Just a few days before my scheduled “mea culpa” meeting I got an intro to another angel (Dave McClure). An angel I had specifically told people NOT to introduce me to. Not because he wasn't awesome (he is) but because he was very metrics-focused and I was worried that we would get eaten alive by him on what I considered our mediocre efforts in metrics and instrumentation. My fear went something like this: “Have you talked to Dave McClure?” “Yes, but he passed.”

Against my better judgement we took the meeting with Dave anyways. We showed up and launched into what was by now a pretty polished pitch. I reluctantly showed him our various internal dashboards and metrics. Then something crazy happened. He was impressed. The thing I figured he’d eat us alive on was the very thing he was most impressed by. 30 minutes into that meeting he wanted in on the round. I was absolutely stunned and elated (and struggled to put on my best “of course that went well” face).


handshakeWe now had some momentum (enough to change the whole dynamic of our other meeting from “mea culpa” to “we're making progress”) but we still didn't have a lead investor. I was feeling that we had enough interest that we could probably write our own term sheet and pull together a round without one. After seeing friends try to push the envelope with valuation and come up empty I figured that less dilution was not worth the risk at this point. So we sat down and picked a valuation we felt we could be comfortable with and that would be a no-brainer for investors. Our counsel drew up a term sheet to present to the band of investors we currently had in the “yes” column.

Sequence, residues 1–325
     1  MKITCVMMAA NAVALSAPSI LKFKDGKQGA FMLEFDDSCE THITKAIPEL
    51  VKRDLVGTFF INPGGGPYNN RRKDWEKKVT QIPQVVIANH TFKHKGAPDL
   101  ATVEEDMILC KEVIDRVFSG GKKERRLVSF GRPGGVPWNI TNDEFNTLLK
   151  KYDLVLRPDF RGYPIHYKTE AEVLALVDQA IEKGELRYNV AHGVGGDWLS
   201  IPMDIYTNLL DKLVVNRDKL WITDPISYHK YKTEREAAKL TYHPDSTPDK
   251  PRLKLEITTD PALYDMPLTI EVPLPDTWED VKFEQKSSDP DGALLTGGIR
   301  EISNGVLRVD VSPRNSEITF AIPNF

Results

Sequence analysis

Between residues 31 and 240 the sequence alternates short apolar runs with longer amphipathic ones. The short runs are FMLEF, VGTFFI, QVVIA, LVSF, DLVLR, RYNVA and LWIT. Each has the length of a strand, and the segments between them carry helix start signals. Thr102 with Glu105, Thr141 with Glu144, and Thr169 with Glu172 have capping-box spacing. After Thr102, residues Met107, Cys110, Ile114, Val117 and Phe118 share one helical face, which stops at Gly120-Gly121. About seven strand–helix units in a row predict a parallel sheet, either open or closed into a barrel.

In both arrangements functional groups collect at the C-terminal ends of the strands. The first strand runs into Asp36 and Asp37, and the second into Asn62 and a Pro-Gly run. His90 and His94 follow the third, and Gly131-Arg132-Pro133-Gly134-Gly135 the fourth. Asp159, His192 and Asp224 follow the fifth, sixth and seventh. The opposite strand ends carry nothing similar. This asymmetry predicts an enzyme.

It's always easier when you have a lead investor to rally the troops, so in parallel we continued our search. With a decent group already committed, things started to get a bit easier. I got an introduction to David Lee at Baseline Ventures (now at SVAngel). I had a bit of a deja vu moment. We had talked to him & Ron Conway 9 months earlier. They just didn't get it, compared us to people we were clearly not and eventually passed. So I was a little hesitant. Man how things had changed! That meeting went well and led to us sitting down for drinks with Steve Anderson (Principal at Baseline Ventures) at Perry’s on Union St. a week later. We spent two hours covering everything about the business. No deck. No pitch. Just us and him talking about the business and where we saw it headed.